Notes From the Margins…

Something Dark at Nottingham University

  • May 05, 2011
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In July 2008 Rizwaan Sabir, a masters student at Nottingham University and Hicham Yezza, a former student who was working as a junior university administrator in the university’s School of Modern Languages, were arrested under the 2000 Terrorism Act for downloading terrorist materials.   The material in question included the so-called ‘Al Qaeda Training Manual’, which Yezza downloaded on Sabir’s behalf on his computer for research purposes.

The document was freely available on the US Department of Justice website, which is where it was downloaded from, but the fact that two Muslims were reading such material set off a depressingly familiar response from the university authorities, who immediately  denounced them to the police.

Both Sabir and Yezza were arrested and imprisoned and the police swarmed the university in full-on SWAT team mode.    The two men were subsequently found to be entirely innocent, and  the police and university were made to look paranoid, ridiculous and vindictive.

Their arrests exemplified the hysterical and often racist assumptions behind the notion of Muslim ‘radicalisation’, and  they also raised issues of academic freedom of speech, and the extent to which research into terrorism was now subject to unacknowledged de facto limits as a result of the British government’s counter-terrorism agenda.

I wrote about this episode at the time and I later met Yezza when I gave  a seminar at the university.   A less likely terrorist would be hard to imagine. Originally from Algeria, ‘Hich’  is a dancer, political activist, fan of Bob Dylan, Philip Roth and John Coltrane and the editor of a superb journal Ceasefire, who has been living in Nottingham for thirteen years.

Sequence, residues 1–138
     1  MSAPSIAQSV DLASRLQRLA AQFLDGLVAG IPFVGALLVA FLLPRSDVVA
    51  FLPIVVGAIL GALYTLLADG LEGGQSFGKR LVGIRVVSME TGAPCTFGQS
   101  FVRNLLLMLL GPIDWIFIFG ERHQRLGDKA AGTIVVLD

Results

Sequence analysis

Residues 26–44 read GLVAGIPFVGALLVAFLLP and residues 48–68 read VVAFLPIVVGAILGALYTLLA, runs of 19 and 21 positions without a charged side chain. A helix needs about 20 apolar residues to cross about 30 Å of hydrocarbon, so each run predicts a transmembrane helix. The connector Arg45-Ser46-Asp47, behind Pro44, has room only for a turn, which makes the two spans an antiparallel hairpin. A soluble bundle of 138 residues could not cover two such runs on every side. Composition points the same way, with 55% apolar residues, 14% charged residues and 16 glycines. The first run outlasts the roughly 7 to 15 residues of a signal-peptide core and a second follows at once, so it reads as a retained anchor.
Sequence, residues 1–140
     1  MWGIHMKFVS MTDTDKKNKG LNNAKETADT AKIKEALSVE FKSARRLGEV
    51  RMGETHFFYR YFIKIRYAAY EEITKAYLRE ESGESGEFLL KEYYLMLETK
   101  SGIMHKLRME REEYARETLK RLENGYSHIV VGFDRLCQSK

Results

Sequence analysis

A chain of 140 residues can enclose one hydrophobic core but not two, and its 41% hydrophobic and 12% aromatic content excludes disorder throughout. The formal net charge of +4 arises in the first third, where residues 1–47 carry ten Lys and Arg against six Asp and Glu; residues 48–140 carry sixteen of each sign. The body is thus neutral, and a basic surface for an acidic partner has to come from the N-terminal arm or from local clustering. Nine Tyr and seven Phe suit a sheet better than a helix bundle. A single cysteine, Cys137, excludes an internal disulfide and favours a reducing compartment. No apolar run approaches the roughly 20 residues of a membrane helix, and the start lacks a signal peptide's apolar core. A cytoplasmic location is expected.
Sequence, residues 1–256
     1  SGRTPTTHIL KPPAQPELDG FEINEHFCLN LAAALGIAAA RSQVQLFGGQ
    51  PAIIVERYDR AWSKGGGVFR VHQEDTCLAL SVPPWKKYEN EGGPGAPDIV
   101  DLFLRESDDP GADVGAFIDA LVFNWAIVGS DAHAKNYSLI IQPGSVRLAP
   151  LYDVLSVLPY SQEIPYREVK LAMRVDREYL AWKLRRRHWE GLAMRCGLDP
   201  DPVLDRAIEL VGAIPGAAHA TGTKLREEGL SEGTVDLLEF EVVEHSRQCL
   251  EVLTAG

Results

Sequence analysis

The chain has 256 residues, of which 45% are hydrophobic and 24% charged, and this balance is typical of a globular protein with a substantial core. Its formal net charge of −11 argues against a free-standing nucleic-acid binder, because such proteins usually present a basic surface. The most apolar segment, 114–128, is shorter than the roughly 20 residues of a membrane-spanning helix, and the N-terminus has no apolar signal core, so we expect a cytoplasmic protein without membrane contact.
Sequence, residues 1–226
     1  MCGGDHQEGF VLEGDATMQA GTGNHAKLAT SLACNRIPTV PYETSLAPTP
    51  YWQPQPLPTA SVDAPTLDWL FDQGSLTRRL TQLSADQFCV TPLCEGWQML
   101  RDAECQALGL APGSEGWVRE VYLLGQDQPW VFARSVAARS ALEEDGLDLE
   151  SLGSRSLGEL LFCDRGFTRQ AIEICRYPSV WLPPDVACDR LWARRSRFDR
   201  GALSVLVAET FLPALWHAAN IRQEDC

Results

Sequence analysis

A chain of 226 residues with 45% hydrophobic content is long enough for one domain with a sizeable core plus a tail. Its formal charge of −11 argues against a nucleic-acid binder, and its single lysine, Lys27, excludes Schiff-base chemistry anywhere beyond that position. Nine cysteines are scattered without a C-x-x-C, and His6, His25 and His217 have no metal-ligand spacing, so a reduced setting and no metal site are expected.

Even after the terrorism charges were dropped,  Nottingham police tried and nearly succeeded in getting him deported on the basis of a minor visa infringement which was eventually rejected by a judge.

Since then Sabir has had his Blackberry confiscated by police while returning from holiday at East Midlands airport, and he has also been stopped and searched various times by police in Nottingham.  In October 2009 the rightwing US thinktank The Heritage Foundation was still describing the Sabir/Yezza arrests as an ‘Islamist Terrorist Plot’, long after it had been proven to be nothing of the kind.

This is only to be expected from a thinktank whose track record of exaggerating and distorting terrorist threats for political purposes goes back to the Reagan era.

But yesterday I received a press release announcing that an article  on these events by Dr Rod Thornton,  an academic and terrorism specialist at the university,  has been pulled from the British International Studies Association (BISA) website, apparently after pressure from the Nottingham University authorities.

A former soldier and counter-terrorist officer in Northern Ireland with a Queen’s award for gallantry, Thornton is not the most obvious whistleblower.  But he strongly supported both Sabir and Yezza and was highly critical of the university’s behaviour, and his outspoken defence of the two students resulted in disciplinary action against him.

All this is described in detail in his pulled BISA article.

Now the university has gone a step further and suspended him – a pathetic and cowardly decision which is nevertheless entirely in keeping with its behaviour from the beginning of this disgraceful affair.

It says something that a former counter-terrorist officer can describe these events as ‘something rather dark; something I would never have believed existed in a modern British university, and indeed, within modern British society.’

You can read Thornton’s article here. Thornton’s supporters at the university are pressing for a public inquiry into the whole episode.

Anyone interested in finding out more or sending messages of support can contact staff and students at:  +44(0)7726466211 or by email at:


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About Me

I’m a writer, campaigner and journalist.  My latest book is The Savage Frontier: The Pyrenees in History and the Imagination (New Press/Hurst, 2018).  The Infernal Machine is where I write on politics, history, cinema and other things that interest me.

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